Fundamentals of displaying TIN surfaces
Triangulated irregular networks (TINs) represent continuous surfaces such as terrain elevation or temperature gradient. The surface is represented as a set of facets formed by connecting data points at nodes to create adjacent triangles. Typically, you display a TIN using color-shaded relief to depict elevation. Shaded relief simulates the sun's illumination of the earth's surface. Adding color to this lets you easily see the ridges, valleys, and hillsides and their respective heights. Seeing the data this way can help explain why other map features are where they are.
You can display any one of three surface characteristics—slope, aspect, and elevation—on your map and you can simulate shaded relief. You can also display contour lines representing lines of elevation change.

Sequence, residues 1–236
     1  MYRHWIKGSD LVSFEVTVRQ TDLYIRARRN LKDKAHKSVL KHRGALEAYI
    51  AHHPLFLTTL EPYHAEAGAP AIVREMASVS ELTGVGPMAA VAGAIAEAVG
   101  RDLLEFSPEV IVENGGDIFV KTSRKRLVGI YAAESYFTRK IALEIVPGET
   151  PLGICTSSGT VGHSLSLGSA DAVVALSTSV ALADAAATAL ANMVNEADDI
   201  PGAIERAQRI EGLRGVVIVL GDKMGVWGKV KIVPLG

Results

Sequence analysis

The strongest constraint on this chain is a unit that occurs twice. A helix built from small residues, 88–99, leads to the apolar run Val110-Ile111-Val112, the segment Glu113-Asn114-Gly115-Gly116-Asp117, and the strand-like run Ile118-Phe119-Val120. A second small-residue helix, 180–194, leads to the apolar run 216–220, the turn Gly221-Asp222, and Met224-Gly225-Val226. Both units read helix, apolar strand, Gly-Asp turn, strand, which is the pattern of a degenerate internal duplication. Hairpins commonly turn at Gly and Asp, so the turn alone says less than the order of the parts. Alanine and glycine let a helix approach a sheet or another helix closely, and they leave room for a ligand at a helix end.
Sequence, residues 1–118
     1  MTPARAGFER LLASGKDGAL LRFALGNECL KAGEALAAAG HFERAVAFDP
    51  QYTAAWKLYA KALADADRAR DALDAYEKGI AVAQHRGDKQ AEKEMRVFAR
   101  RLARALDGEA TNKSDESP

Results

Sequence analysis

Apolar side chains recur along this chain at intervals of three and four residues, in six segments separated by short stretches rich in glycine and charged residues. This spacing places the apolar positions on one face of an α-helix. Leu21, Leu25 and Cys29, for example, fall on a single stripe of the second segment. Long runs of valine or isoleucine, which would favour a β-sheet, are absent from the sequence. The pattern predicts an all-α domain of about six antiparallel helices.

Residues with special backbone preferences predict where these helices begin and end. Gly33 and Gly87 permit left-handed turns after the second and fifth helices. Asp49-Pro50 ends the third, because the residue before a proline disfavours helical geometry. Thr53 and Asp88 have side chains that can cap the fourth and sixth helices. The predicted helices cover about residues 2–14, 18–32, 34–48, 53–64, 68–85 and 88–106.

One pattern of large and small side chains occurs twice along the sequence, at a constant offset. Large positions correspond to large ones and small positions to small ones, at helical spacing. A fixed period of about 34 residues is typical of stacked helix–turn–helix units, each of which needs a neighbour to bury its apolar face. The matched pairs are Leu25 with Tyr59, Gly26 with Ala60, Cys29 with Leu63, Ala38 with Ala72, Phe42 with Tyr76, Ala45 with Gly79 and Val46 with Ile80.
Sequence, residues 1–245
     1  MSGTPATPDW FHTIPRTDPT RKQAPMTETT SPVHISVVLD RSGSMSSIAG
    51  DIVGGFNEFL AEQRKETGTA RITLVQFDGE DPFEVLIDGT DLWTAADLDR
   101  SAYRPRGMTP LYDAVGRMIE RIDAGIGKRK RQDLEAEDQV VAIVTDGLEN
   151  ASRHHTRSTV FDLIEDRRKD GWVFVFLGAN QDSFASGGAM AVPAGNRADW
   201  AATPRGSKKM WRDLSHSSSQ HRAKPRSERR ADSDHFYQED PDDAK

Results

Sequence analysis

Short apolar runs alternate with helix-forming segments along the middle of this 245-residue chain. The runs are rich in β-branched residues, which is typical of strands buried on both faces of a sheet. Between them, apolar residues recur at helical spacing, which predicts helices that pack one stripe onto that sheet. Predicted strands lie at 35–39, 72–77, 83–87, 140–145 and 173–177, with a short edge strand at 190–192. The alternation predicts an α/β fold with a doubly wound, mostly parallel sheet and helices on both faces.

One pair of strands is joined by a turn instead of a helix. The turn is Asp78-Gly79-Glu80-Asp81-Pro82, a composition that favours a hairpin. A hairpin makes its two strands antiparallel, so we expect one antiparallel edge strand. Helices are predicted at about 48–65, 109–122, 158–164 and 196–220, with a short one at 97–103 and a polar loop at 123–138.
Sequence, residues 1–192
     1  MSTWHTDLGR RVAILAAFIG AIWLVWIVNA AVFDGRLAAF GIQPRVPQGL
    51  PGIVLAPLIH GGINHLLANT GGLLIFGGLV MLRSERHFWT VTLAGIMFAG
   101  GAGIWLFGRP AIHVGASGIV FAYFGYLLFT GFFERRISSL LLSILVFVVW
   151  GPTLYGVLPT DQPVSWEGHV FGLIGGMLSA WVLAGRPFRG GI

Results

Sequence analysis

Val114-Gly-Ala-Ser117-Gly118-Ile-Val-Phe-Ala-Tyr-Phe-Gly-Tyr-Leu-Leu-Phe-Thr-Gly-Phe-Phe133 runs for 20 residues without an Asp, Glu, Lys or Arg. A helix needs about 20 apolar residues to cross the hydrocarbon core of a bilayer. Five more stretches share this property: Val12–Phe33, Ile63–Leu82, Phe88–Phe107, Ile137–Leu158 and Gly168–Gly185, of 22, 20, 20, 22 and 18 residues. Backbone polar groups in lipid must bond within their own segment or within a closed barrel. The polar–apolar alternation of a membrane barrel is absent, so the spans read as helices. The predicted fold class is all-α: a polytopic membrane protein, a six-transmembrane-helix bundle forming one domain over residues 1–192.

Geographic features that cross the surface—such as a river, road, or shoreline—can be explicitly represented in a TIN with a breakline. These features form the edges of triangles and, therefore, influence the surface at their location. Since the underlying triangulation defines the surface, you might want to take a closer look at it.
You can also display the internal structure of a TIN—for example, nodes and breaklines—independently or on top of the shaded relief display.
You can display just one type of TIN feature—for example, just the triangles—or all the TIN features. You can also symbolize each feature type using separate symbology. TIN nodes and triangles can be tagged with integer values to allow you to store additional information about them. These integer values can be used as lookup codes—for example, to indicate the accuracy of the input feature data source or the land-use type code for areas on the surface. The codes can be derived from fields in the input feature classes. You can symbolize tagged features with unique values. There are several different symbology display options for TIN surfaces available in ArcGIS.